Tucker said that after considering the beliefs of authors like Eliot, she discovered some of priorities. She realized that one thing that really mattered to her had been hidden in her school bag all along. For Tucker, literature became almost a religion.
“ Instead of getting my beliefs from an organized religion it was like formulating my beliefs through the minds of great thinkers,” Tucker said.
Now teaching English 11 AP, Tucker still takes books with her everywhere she goes—including to the grocery store, because there might be time to read another page.
She cherishes literature and enjoys teaching it in class. Books aren’t her religious guidance anymore, they’ve become works of art.
“Since I teach it [literature] so much, it’s an art now to be analyzed more than to be inspired by,” Tucker said.
Tucker loves this process. She loves showing students parallels between novels and pointing out symbols they might have missed. But most of all, she loves the moments when she knows students understand a new theme in a book.
“It’s almost breath-taking when you realize you’ve gotten a very difficult concept across to somebody or to the whole class,” Tucker said.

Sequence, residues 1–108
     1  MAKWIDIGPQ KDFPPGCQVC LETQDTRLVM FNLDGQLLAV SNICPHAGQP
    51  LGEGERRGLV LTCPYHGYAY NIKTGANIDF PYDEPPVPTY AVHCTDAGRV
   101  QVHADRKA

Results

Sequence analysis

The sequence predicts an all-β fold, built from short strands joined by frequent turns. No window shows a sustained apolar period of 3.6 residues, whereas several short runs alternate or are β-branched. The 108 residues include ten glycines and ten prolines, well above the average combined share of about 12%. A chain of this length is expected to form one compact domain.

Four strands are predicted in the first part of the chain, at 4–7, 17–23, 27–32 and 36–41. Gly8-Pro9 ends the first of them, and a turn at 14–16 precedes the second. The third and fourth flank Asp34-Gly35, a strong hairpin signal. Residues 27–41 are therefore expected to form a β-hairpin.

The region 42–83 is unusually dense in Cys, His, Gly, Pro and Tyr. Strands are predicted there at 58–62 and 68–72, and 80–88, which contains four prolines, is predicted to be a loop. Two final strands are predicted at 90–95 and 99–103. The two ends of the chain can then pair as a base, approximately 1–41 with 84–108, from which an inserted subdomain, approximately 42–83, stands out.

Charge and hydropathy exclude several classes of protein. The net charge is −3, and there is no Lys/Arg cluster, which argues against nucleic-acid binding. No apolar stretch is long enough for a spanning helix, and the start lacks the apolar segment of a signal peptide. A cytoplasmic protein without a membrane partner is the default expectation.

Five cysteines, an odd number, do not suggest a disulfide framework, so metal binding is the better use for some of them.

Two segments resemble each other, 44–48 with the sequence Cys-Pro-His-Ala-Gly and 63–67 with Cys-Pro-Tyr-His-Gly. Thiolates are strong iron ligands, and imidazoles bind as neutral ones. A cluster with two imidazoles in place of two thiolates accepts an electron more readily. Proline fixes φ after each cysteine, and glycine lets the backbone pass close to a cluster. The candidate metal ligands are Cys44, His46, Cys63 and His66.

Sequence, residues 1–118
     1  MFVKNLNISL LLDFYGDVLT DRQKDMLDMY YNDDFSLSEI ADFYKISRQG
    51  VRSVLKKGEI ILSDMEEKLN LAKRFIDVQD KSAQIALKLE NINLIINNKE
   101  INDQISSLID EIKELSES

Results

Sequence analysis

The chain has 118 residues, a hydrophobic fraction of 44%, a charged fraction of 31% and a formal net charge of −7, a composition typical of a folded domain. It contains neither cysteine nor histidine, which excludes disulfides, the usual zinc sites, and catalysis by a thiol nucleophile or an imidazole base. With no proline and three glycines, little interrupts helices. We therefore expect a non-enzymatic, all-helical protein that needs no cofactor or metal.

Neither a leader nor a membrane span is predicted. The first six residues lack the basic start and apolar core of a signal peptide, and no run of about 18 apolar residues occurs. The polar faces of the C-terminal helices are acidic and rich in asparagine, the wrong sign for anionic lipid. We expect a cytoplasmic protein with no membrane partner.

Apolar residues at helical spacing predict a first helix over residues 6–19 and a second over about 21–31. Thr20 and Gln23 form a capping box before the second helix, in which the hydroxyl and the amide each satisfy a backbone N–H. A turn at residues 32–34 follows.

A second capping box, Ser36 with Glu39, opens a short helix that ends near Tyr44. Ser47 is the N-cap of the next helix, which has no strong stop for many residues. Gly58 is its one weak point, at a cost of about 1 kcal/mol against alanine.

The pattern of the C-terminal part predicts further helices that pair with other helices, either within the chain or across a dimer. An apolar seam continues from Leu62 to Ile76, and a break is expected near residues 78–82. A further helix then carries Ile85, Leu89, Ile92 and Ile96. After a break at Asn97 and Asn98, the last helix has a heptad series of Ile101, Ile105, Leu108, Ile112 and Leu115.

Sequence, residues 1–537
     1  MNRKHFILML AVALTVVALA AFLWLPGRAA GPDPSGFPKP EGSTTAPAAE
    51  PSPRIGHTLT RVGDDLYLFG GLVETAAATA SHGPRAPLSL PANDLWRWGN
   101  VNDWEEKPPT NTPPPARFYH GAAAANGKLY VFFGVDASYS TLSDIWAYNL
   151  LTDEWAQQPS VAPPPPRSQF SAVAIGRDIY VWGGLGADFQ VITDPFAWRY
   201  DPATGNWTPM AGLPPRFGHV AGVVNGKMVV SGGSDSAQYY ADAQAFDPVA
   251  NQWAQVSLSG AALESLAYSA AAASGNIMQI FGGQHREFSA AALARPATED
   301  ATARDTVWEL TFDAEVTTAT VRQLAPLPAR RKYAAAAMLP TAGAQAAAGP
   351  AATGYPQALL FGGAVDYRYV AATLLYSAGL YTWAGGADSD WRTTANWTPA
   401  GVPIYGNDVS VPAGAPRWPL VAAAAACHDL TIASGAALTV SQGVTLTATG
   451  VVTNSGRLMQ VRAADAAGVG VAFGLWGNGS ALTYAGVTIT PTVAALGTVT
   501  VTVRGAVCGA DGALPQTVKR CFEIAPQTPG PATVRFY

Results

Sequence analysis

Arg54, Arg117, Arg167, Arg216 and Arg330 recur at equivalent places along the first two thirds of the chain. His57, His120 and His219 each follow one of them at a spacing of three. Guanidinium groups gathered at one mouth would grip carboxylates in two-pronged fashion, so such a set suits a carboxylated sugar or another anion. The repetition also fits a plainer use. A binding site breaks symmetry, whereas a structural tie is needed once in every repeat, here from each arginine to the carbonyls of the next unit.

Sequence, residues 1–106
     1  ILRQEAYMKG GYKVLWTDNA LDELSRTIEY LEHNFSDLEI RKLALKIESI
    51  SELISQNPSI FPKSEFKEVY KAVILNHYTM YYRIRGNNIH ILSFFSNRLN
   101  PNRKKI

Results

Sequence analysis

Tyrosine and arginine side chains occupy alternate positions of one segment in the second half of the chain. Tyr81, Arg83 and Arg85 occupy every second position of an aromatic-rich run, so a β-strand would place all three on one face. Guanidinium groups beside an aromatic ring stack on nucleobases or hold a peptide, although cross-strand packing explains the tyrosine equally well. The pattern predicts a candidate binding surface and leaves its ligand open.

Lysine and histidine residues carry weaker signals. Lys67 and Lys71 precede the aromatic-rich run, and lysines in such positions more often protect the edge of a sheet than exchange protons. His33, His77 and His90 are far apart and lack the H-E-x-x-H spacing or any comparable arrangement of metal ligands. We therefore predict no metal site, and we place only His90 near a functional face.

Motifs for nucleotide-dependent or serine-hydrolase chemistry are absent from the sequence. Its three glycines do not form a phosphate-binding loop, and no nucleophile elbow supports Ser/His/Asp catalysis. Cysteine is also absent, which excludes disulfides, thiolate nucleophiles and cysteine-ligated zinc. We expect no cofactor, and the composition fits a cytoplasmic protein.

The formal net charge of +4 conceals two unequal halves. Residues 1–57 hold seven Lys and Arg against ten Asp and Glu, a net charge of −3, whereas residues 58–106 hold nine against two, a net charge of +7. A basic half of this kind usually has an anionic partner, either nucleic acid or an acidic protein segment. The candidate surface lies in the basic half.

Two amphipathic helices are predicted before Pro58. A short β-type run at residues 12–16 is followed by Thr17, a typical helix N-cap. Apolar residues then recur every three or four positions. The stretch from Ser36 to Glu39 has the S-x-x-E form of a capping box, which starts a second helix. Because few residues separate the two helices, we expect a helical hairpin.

Tucker still attends church when she can, but recently she hasn’t because there are few Seventh Day Adventist churches in the Kansas City area. She hasn’t rejected her childhood religion, but she has broadened her views. Reading about different authors’ beliefs has made her evaluate her own more closely. She stopped judging the authors’ religious beliefs and started to see the common goals they had with her own.
“I realized that this is what they believe and it was serving the same purpose of helping them cope with daily life,” Tucker said.
Tucker tries to instill a love of literature in her students. Through outside reading lists that she develops herself, she hopes to expose her students to many genres of books. She hopes each student will find a book that excites them.
“I think reading is a way into another world,” Tucker said. “Reading is a way to help people work through problems. Reading helps you see things you would never have seen otherwise.”